When announcing the policy, Minister of Economy Alejandro Gil said that alongside the MLC stores, other stores would continue selling all kinds of necessary products and take payment in Cuban pesos. He assured Cubans that the purpose of the network of MLC stores was to collect foreign currency to stock the stores that accepted the Cuban peso. In practice this has not occurred. The stores where Cubans with no access to MLC currency are forced to shop have empty shelves and every day stock fewer items. Obtaining basic products in Cuba is a daily odyssey. Despite a rise in wages, money is still short given the high rate of inflation.
It is not surprising, then, that people took to the streets in the face of such a situation–one aggravated by Covid-19; the impossibility of either criticism or popular participation in decision-making; and rote statements that Cuban leaders use in a crude way in the media to “legitimize” their methods.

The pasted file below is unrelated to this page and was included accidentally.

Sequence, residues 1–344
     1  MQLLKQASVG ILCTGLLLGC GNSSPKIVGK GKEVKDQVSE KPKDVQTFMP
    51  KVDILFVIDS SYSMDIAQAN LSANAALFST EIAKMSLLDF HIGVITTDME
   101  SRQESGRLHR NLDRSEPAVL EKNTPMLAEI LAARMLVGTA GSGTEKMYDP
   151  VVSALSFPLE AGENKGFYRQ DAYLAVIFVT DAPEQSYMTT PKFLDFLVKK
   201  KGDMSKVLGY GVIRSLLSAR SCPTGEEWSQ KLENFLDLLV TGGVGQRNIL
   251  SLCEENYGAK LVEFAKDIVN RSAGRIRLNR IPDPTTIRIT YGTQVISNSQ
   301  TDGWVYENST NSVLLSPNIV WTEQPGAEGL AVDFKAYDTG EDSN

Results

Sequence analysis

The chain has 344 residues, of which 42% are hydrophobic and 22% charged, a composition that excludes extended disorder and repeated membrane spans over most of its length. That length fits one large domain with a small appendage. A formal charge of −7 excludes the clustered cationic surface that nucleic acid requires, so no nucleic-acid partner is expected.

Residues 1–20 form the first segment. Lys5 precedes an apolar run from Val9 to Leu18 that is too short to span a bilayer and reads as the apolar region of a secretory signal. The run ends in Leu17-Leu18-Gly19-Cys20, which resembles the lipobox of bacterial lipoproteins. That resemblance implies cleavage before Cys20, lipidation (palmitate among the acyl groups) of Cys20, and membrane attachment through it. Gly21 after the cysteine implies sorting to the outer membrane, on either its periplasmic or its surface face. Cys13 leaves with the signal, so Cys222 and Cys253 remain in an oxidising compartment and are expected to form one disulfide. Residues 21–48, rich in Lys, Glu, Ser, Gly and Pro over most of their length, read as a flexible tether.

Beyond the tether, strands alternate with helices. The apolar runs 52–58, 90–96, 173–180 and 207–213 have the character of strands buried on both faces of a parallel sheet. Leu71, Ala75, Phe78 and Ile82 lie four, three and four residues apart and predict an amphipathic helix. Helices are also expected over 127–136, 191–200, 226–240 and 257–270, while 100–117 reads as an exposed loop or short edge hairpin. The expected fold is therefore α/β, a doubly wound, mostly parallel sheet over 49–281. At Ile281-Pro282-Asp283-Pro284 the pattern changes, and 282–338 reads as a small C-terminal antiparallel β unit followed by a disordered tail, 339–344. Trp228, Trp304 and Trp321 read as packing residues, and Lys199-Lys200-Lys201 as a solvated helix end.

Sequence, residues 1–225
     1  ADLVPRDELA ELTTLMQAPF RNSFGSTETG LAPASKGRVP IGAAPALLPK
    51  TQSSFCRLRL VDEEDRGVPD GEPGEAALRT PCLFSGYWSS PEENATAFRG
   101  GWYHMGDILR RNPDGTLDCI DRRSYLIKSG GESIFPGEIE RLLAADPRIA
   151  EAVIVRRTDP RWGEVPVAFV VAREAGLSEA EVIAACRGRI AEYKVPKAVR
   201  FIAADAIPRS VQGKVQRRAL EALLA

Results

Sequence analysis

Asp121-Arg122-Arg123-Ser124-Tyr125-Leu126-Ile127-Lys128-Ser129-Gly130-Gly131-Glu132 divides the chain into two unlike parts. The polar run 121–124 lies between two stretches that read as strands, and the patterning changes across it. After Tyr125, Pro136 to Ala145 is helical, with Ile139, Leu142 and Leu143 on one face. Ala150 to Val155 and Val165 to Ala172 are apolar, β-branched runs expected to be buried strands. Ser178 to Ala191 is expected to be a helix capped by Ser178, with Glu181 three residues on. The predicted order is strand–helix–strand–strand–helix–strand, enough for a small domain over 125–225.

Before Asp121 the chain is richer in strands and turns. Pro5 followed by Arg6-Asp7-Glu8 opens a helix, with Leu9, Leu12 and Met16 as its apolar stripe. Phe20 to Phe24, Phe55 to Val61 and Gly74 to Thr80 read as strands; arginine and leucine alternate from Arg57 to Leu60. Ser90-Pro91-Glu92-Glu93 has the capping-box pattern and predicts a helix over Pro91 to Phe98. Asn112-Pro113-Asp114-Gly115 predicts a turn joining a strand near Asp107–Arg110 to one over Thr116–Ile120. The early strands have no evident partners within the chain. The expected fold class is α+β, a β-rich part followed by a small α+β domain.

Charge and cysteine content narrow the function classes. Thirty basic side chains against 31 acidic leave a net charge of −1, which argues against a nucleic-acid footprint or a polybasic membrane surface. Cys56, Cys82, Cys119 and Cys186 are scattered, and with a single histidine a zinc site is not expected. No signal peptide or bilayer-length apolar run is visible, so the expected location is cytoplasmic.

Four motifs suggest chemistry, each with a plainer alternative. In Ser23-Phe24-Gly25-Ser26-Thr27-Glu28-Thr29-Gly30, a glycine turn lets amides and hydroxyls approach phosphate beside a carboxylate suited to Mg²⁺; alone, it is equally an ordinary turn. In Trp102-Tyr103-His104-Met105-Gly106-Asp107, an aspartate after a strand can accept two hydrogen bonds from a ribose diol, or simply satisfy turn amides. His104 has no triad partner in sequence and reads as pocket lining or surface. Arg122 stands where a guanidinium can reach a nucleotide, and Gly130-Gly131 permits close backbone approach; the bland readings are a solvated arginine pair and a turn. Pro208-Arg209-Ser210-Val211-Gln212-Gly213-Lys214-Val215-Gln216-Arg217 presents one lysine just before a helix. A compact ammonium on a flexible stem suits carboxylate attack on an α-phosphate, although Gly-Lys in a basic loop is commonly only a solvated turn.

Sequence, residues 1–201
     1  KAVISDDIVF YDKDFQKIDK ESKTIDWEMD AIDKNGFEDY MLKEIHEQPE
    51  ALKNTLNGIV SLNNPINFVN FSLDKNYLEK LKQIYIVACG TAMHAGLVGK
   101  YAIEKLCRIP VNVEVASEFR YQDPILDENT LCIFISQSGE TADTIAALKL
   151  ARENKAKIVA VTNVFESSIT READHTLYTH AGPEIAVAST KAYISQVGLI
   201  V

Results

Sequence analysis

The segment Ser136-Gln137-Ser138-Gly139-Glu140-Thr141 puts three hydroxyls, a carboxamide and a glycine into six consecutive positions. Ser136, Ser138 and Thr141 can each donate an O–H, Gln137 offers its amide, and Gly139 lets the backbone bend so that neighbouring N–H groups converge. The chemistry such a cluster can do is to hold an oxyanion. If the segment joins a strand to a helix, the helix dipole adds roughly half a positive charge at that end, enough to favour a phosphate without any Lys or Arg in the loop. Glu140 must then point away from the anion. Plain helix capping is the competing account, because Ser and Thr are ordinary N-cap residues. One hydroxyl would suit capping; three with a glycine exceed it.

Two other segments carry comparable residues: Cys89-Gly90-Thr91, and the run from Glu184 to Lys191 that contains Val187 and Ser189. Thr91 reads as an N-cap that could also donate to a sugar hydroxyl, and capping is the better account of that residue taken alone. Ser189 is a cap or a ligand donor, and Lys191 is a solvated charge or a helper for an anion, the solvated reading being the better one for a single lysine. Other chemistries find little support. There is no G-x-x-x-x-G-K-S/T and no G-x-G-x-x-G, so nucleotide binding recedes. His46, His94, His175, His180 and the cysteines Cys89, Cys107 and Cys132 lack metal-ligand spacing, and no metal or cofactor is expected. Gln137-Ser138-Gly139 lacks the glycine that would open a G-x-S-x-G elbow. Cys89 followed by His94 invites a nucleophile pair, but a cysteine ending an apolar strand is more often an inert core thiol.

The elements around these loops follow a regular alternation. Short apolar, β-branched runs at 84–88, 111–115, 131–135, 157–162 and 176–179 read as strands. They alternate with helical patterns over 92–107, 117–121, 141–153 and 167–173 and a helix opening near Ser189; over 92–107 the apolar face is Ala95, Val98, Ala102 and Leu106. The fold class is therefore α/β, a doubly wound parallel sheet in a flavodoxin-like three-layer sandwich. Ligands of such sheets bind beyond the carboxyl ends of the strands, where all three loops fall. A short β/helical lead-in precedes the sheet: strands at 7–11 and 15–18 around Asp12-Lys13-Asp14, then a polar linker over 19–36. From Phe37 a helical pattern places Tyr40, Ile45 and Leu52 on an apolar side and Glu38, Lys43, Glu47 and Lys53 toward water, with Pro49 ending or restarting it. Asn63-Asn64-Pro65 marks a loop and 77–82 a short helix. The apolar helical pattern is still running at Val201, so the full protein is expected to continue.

In Cuba, the word “left” is looked down upon. A large part of the population identifies socialism or left-wing discourse with practices supported by the government. There is a very dissatisfied citizenry with little political education since the school curricula from an early age are focused on political indoctrination in the interests of the powers-that-be and not on the development of knowledge and reasoning in conditions of freedom.
It is no accident then that on July 11 people took to the streets. They were not mercenaries. They were not confused Cubans. They were exhausted people responding to objective contradictions.
Yes, right-wing forces did take to the streets on July 11. But working and marginalized people also demonstrated. It is these people the left should represent. These are the social groups the left needs to reach.
Government supporters also took to the streets on July 11. Many of them were young people of the so-called “official left,” people who for the most part enjoy privileges conferred by the system.